‘More jobs, quality education needed for offbeat careers’

Published: 20th April 2018 10:41 PM  |   Last Updated: 21st April 2018 05:07 AM   |  A+A-

Express News Service

BENGALURU: Bengaluru-based musician Rickey Kej, who won a Grammy for his album ‘Winds of Samsura’ in 2015, will be performing at VR Bengaluru on 22 April to launch his song on stopping plastic pollution, specially curated for the younger generation. Exceprts from Ricky's interview with City Express.

1. In a 2015 interview, you mentioned that musicians in India do not sing from the heart. It’s been three years since, do you think the scenario has changed now?

The movie industry creates most music content in India. While the content is of very high quality, it is still created based on a brief, is directed by the script and vision of the director. So music is created based on requirement rather than emotions and philosophies of the singer and musicians. It becomes very stifling to create art in such conditions. Even some musicians who create music independently are influenced by film music, hoping they could place their music in a movie one day.

 

2. What do you have to say about piracy in the Indian industry?

Musicians' bread and butter are sales of his/her music. So piracy has affected the ability of musicians to survive on just creating music. An independent musician’s revenue stream is just the music that he/she creates.

 

3. How do you think your anthem End Plastic Pollution can reach out to young Indian minds?

The songs we learn during childhood remain with us for the rest of our lives and the morals we learn through those songs, stick with us forever. When we speak of being more environmentally conscious, we need to start with children. Children will love the song, it is easy to sing, easy to learn and remember. Plastics are very harmful, and we need to be more aware and connected with this problem.

 

4. Do you think this generation of parents have changed their view on offbeat professions such as music?

Parents will always want their children to pursue traditional career paths that are as safe as possible. This will never change, and this has nothing to do with which country we are in. What needs to change is that we need increased employment and reputed education opportunities in the arts. In the West, one can be a violin player and have a regular job with an orchestra. Also, budding musicians in India need to understand that they do not need to be 'stars'.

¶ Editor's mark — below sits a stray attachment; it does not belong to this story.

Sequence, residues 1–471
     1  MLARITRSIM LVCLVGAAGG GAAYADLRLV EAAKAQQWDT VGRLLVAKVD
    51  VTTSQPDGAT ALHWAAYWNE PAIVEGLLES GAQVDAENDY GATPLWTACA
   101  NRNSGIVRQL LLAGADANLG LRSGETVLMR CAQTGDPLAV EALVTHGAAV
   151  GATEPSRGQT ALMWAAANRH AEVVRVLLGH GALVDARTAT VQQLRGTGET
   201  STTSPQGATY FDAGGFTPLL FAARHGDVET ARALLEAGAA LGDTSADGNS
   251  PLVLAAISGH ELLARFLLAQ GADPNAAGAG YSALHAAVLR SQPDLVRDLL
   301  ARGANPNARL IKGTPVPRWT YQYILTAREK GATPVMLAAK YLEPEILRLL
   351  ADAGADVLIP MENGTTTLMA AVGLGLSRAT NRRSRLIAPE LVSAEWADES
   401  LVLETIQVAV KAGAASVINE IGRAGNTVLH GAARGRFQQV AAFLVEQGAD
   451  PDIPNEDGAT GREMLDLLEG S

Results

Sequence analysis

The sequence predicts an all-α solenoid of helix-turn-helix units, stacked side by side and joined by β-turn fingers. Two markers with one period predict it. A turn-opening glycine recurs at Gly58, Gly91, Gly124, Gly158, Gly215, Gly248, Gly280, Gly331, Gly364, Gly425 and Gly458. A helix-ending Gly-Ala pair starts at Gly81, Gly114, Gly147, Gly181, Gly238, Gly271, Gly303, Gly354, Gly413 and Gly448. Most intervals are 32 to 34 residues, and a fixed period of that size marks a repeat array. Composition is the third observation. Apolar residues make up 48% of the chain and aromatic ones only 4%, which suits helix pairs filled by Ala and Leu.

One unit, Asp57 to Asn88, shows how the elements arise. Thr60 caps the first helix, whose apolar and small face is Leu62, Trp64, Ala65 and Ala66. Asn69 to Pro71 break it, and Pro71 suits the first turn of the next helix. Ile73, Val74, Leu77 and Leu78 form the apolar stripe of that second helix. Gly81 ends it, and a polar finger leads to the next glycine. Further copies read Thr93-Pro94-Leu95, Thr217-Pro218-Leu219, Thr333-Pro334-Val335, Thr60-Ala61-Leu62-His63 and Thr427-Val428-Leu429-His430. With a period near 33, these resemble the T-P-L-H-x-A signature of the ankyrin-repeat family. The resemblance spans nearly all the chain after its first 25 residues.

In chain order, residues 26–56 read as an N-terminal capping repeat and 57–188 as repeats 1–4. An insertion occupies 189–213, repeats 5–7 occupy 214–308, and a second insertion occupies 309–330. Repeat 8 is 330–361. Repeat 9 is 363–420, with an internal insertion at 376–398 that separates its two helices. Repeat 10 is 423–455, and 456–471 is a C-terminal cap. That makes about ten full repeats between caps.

5. Has the burden of responsibility increased now that people look up to your music more?

I do not look at it as a burden, as I create at my own pace, I perform only if I am passionate about a concert, and I create music based on my thoughts, philosophies and beliefs. If I feel strongly about something, or find the need to communicate, I create music. In fact, I would not know what to do on holiday, because I have been on a 20-year vacation with music.

 

6. What is your opinion on India's environment and conservation scenario?

India is a country that can take a global leadership role with respect to the environment. We are still on a development curve, and need to provide an adequate standard of living to millions of Indians. We need to ensure that we develop in the most sustainable manner, and

follow our inherent culture of living in absolute co-existence and peace with every entity on this planet, whether living or non-living. We need to show the world that we are a responsible nation.

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